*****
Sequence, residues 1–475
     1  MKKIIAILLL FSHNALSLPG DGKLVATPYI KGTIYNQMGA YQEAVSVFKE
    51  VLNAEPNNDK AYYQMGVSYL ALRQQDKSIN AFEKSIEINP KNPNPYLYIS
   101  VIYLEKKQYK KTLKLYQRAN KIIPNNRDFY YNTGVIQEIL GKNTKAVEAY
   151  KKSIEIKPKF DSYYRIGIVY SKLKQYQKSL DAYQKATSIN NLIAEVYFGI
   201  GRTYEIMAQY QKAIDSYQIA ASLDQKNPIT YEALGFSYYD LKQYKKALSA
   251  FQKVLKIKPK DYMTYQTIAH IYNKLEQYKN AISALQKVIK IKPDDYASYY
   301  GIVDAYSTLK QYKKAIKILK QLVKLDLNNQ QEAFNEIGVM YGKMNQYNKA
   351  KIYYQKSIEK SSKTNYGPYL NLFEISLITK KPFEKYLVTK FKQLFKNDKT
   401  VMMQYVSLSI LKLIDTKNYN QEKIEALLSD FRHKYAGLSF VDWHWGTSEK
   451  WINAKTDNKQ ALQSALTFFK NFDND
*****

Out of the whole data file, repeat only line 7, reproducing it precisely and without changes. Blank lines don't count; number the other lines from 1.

   251  FQKVLKIKPK DYMTYQTIAH IYNKLEQYKN AISALQKVIK IKPDDYASYY